Friday, March 7, 2014

I subscribe to a newsletter called something like "Carl Cannon's Morning Note." It's kind of a "this day in history" newsletter with a sprinkling of what's going on now. Anyway, today's note has to do with Alexander Graham Bell because he received the patent for his telephone 138 years ago today.

I never knew that his experiments which led him to the telephone all came about as the result of a mistake. From the newsletter:
While studying at the University of London, Bell came across the thesis of German physicist Hermann von Helmholtz called "On the Sensations of Tone." In that paper, von Helmholtz described how he'd made the sensations of vowel sounds with a tuning fork. The paper had not yet been translated into either English or French, both of which Bell spoke, so he tried to tackle "On the Sensations of Tone" in the original German, a language he did not speak.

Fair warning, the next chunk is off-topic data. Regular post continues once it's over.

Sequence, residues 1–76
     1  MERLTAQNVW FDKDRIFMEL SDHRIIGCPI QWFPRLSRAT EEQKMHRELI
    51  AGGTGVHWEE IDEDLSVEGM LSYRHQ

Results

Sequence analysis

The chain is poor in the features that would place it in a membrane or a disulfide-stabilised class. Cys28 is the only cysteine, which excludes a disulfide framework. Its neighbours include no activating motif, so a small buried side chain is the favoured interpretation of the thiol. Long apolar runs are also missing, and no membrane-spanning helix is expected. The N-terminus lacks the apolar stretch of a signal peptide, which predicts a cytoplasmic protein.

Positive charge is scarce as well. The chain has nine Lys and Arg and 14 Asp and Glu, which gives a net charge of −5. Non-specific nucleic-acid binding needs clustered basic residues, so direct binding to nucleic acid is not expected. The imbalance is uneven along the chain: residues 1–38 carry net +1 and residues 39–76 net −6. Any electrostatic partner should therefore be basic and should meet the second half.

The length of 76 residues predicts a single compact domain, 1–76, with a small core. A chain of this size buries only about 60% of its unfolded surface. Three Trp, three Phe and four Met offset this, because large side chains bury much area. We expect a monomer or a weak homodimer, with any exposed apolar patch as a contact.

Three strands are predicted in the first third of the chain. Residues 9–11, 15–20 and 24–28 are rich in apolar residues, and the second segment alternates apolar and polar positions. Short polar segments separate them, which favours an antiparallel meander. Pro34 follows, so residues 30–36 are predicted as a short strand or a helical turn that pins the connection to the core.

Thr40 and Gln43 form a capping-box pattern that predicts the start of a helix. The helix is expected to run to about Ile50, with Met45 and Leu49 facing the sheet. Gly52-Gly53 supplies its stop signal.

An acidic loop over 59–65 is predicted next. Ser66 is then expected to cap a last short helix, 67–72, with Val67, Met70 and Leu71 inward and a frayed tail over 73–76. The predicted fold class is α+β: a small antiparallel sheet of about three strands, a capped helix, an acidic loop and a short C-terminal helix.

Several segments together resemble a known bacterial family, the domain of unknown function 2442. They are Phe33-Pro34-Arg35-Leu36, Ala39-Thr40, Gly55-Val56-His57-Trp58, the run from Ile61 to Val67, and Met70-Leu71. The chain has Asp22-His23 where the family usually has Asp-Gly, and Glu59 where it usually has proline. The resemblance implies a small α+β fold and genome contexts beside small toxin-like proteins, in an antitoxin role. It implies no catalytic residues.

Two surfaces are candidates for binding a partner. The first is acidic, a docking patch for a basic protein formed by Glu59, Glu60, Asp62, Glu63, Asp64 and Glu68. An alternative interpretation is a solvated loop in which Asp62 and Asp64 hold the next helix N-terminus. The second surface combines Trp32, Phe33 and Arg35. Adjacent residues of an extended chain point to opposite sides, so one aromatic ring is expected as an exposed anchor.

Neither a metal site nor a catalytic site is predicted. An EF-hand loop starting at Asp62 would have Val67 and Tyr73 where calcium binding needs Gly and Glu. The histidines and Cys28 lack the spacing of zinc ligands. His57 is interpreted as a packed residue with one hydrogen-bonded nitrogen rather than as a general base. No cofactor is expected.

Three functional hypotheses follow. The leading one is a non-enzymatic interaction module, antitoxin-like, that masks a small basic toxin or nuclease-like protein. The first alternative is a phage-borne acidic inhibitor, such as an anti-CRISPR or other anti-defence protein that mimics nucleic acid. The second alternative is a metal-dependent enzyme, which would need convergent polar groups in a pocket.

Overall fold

This charming bit of hubris resulted in what Bell would later describe as "a very valuable blunder"-believing that von Helmholtz had transmitted vowel sounds over a wire, he began trying to replicate a breakthrough that actually had never taken place.
That advance would indeed come, in the New World, and in Bell's own lab, for by the time he set sail for America the idea for the telephone was firmly planted in his impressive brain.
Later, he would ruminate on the misunderstanding that led to it all: "It gave me confidence," he said. "If I had been able to read German, I might never have begun my experiments in electricity."
 More later...

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